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Homesteaders Comments on Aurora Acquisition

On July 2, 2012, Kohlberg & Company, a leading U.S. private equity firm, announced that it acquired Aurora Casket Company. Homesteaders Life Company CEO Graham Cook reports that he has no reason to believe this event will affect the Homesteaders-­‐Aurora Casket Price Protection program.

The Homesteaders-­‐Aurora Casket Alliance was formed in 1998 to help funeral home owners preserve the value of funeral service through casket price protection.

According to Jerry Reichert, member and senior advisor to the Aurora Board of Directors, "The purpose and mission of Aurora will not change. We remain dedicated to helping create an honorable closure to a life lived."

Steve Lang, Homesteaders' COO says the acquisition of Aurora Casket Company has no impact on Homesteaders. "Aurora Casket has been a strong partner with us in offering the benefits of casket price protection and we don't see the program changing as a result of this announcement."

“Aurora and Homesteaders have provided the industry's leading casket price protection program for more than a decade," said Reichert. "Both companies continue to believe that this program provides excellent benefits to our customers and, most importantly, the families they serve."

Any questions regarding the casket alliance and price protection program should be directed to your Homesteaders or Aurora representative, who is the most qualified to answer.

Focused solely on funeral insurance funding and support, Homesteaders Life Company is a market leader associated with nearly 4,000 funeral homes and 8,000 licensed agents across the United States. Visit homesteaderslife.com for more information.


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  • I see more in the shadows than the quotes from Homesteaders acknoledges.  I hope that this is all “much ado about nothing” but there are economics at play.  The plus side for Aurora (regardless of who owns it) is that this helps sell caskets.  The negative for Aurora (regardless of who owns it) is that the caskets are provided in the future at a discounted rate.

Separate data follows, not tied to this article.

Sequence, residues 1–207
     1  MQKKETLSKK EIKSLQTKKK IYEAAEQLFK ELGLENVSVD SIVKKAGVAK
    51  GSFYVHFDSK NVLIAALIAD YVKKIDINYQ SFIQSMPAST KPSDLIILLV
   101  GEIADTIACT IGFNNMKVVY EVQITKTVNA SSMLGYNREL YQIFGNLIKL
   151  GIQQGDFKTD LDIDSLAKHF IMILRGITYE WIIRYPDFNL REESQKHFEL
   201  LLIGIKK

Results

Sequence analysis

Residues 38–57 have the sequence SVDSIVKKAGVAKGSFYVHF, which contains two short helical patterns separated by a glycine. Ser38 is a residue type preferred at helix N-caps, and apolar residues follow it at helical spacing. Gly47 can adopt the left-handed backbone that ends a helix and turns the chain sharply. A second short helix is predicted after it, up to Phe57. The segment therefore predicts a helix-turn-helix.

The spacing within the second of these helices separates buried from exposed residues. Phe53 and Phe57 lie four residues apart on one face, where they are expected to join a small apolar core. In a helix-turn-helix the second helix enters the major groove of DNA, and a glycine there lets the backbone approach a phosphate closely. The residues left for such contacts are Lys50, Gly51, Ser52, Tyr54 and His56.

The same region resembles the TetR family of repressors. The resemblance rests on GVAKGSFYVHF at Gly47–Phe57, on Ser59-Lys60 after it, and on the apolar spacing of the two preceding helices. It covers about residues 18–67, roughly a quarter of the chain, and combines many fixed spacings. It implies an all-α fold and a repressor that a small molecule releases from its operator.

Therefore the price of the average unit sold is declining due to consumers choosing less expensive caskets (more 20 gauge and vaneer caskets are sold today versus previous years) and other units are being sold at a lower wholesale due to the reduced recognized price via the marketing agreement.  So, without actions to increase market share, Aurora’s average unit sale price is going to decline.  Add to that as cremation increases by 1 percentile per year even if Aurora keeps every customer, the number of units sold will be declining while the cost of fixed investment is going to stay the same or increase slightly.

    Kohlberg is going to have to do the math, but if I owned a funeral home today and I used Homesteaders and Aurora, I would reread the provision guaranteeing casket pricing in the future.